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Human - Elephant conflict and its mitigation; The Karnataka experience#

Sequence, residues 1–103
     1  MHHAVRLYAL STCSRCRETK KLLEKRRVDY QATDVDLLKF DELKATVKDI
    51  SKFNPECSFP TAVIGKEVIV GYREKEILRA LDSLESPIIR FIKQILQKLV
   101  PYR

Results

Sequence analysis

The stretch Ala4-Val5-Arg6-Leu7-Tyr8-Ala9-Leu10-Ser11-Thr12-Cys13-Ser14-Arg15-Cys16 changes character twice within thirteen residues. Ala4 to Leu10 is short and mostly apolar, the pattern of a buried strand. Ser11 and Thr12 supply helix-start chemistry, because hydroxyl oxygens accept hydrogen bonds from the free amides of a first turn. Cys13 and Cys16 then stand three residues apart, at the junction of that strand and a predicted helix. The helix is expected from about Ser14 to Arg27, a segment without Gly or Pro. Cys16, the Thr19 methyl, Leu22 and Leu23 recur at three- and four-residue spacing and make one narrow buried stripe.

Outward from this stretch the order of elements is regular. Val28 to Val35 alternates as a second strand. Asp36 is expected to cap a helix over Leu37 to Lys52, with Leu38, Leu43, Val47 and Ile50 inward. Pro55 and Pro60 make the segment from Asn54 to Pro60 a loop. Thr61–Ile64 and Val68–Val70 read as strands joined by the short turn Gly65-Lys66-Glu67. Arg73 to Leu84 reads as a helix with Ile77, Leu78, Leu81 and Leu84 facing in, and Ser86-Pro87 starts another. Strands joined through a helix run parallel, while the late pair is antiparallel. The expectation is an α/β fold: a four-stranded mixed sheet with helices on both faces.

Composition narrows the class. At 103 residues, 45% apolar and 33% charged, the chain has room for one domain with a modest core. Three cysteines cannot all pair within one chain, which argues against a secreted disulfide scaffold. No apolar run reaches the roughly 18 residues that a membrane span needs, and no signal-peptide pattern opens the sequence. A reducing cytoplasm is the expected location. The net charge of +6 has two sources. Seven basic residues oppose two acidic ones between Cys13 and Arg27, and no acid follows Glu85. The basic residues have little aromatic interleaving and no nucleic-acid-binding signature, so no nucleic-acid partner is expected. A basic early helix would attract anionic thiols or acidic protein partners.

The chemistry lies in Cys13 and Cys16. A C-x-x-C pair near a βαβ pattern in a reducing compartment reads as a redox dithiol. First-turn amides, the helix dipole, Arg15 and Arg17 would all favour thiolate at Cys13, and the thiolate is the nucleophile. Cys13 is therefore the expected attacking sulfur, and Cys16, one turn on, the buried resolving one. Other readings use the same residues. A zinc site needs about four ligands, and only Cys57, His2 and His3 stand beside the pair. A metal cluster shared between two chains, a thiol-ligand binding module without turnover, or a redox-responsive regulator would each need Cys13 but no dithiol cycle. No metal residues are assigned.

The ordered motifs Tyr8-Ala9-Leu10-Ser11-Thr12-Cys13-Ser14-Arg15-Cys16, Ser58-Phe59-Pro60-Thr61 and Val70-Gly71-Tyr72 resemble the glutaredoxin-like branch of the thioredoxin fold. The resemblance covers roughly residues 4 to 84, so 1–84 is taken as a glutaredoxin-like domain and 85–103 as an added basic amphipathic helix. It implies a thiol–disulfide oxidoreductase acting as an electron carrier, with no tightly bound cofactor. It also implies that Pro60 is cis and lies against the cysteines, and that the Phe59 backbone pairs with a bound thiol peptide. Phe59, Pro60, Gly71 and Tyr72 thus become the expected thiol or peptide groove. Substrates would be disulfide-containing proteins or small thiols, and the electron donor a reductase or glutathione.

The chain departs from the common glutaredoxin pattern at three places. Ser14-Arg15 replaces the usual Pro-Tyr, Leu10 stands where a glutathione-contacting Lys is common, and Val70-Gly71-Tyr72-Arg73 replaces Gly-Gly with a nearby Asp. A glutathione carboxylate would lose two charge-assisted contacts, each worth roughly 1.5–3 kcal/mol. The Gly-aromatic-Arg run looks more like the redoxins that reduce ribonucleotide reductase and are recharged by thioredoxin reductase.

Conflict connotes - a struggle, fight, a clash of interest etc. Man being an apex species has a vast array of natural resources at his command and control. His over dependence on the depleting natural resources has led to inter and intra specific competition and impairment of the delicate balance of demand and supply. The obvious result is the alarming situation of Human-Animal Conflict which is more pronounced in case of wild elephants. Not a single day passes without a report in the newspapers about Man-Animal Conflict and Human Elephant Conflict (HEC).   The coexistence of Man and Elephants dates back to over 4000 years (Prachi Mehta, 2011). India has about 28,000 wild elephants (Report of Elephant Task Force, 2012) and Karnataka has about 6200 elephants-which is about 20% of the country's Census-2012). The Government of India in the year 1992-93 initiated the Project Elephant to conserve the declining elephant population. On the directions of GOI, the Government of Karnataka notified the Mysore elephant Reserve (MER) on 25-11-2002 with an area of 6724.87 km2 spanning over six districts of the state.   Notification of the MER was a major initiative in conservation and management of elephant populations in the state. In the wild, there are two kinds of elephants viz. the African Elephants (Loxodonta africana) and the Asian Elephants (Elephas maximus). The African elephant has an estimated population of 4-6 lakhs and is placed under the "Near Threatened" category by the IUCN and Appendix-I of the CITES. The Asian elephant has a smaller population of 35,000-50,000 (Perera, 2009) and is placed under "Endangered" category by the IUCN and Appendix-I of CITES.(Source: This is an excerpt taken from the My forest Journal - December 2013, Vol 49 (4). The author is Mr. Uday Kumar, IFS. You can read the article at https://bit.ly/2P0jZjM , page 28)